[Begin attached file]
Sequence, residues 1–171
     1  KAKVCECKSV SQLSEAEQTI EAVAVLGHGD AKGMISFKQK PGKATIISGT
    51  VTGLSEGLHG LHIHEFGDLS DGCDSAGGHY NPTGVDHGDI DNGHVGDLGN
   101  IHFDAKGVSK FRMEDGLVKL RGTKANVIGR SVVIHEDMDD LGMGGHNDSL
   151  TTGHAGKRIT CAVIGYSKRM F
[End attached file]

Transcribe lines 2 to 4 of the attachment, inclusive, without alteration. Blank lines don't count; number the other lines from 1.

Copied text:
     1  KAKVCECKSV SQLSEAEQTI EAVAVLGHGD AKGMISFKQK PGKATIISGT
    51  VTGLSEGLHG LHIHEFGDLS DGCDSAGGHY NPTGVDHGDI DNGHVGDLGN
   101  IHFDAKGVSK FRMEDGLVKL RGTKANVIGR SVVIHEDMDD LGMGGHNDSL